Inadequate funding to the agriculture sector not sustainable -FAO

The Food and Agriculture Organization says it will be difficult for Zambia to meet sustainable agriculture production with inadequate funding to the agriculture sector.

FAO Country Representative Dr George Okech said Zambia’s funding to the sector is still way below the Maputo declaration which requires about 10 percent of the budget to be allocated to the agriculture sector.

Dr Okech noted with sadness that only a few countries on the continent have met the Maputo declaration on the budgetary allocation to the agriculture sector.

Speaking at the commemoration of this year’s world food day organized by Global Citizen, Civil Society Scaling Up Nutrition Alliance and Hivos Southern Africa, Dr Okech advised the Zambian government to put more money in the agriculture sector to guarantee food security.

And Dr Okech said FAO is working with government and other stakeholders to develop the Post Harvest Loss strategy that will help minimize the loss of agriculture produce.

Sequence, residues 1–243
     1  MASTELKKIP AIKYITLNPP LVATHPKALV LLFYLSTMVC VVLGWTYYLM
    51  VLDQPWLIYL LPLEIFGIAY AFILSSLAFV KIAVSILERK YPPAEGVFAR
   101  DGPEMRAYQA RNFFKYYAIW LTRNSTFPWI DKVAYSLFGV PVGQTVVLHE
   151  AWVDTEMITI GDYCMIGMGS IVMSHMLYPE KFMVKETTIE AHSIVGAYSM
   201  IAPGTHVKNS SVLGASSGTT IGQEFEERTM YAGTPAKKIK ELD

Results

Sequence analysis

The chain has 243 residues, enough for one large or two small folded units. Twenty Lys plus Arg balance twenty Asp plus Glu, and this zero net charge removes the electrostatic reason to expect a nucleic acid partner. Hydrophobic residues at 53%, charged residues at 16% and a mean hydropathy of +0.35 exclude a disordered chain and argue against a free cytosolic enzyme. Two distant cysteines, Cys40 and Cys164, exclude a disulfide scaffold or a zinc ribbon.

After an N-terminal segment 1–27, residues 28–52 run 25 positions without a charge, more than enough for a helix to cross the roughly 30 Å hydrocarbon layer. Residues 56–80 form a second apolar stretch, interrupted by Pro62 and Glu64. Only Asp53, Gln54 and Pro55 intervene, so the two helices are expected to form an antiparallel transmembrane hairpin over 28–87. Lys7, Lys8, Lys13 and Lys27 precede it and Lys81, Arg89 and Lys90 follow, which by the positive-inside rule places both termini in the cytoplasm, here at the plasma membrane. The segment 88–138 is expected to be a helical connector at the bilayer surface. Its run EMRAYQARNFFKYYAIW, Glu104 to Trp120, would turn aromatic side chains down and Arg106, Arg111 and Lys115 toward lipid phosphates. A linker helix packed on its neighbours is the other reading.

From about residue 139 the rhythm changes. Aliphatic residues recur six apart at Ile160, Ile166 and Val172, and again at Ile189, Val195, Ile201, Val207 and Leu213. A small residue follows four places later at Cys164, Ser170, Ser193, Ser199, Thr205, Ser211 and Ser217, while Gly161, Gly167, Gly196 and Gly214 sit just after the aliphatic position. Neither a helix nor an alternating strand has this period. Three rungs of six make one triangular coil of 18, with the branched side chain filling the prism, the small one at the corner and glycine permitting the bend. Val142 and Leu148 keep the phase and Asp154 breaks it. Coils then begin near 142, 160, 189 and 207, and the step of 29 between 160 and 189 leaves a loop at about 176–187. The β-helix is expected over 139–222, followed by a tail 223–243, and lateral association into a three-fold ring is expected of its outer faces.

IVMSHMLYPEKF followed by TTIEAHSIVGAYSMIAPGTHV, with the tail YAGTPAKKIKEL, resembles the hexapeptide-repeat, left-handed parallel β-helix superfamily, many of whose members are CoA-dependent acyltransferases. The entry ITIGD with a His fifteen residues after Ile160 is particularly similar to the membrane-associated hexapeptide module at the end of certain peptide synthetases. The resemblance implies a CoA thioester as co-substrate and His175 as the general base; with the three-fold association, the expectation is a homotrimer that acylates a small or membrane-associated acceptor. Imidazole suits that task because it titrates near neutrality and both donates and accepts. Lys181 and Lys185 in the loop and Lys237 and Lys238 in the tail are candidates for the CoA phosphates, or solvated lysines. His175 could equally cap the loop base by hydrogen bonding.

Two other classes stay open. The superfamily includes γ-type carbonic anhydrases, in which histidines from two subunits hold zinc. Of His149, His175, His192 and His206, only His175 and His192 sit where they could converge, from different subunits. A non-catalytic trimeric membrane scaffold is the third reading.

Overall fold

He said the strategy if implemented will ensure that Zambia produces post harvest loss of grain including tomatoes, mangos and other produce which goes to waste every year.

Dr Okech regretted that a lot of food goes to waste every year in Zambia when some people are going hungry.

Speaking at the same event, Global Citizen Lead Zambia Campaigner Mwandwe Chileshe noted with concern that hunger has continued to be on the increase in Zambia.

Ms Chileshe said the high food insecurity risks reversing the gains made in reducing malnutrition cases in Zambia.

She said the World Food Day commemorated last week should be used to get government and other stakeholders on board to start taking action to address the hunger situation.

And the Civil Society Scaling Up Nutrition Alliance says government needs to put in place policies that will support diverse food production.

CSO-SUN Country Coordinator Mathews Mhuru said there is need for reforms in food production policies to encourage production of food at lower levels.

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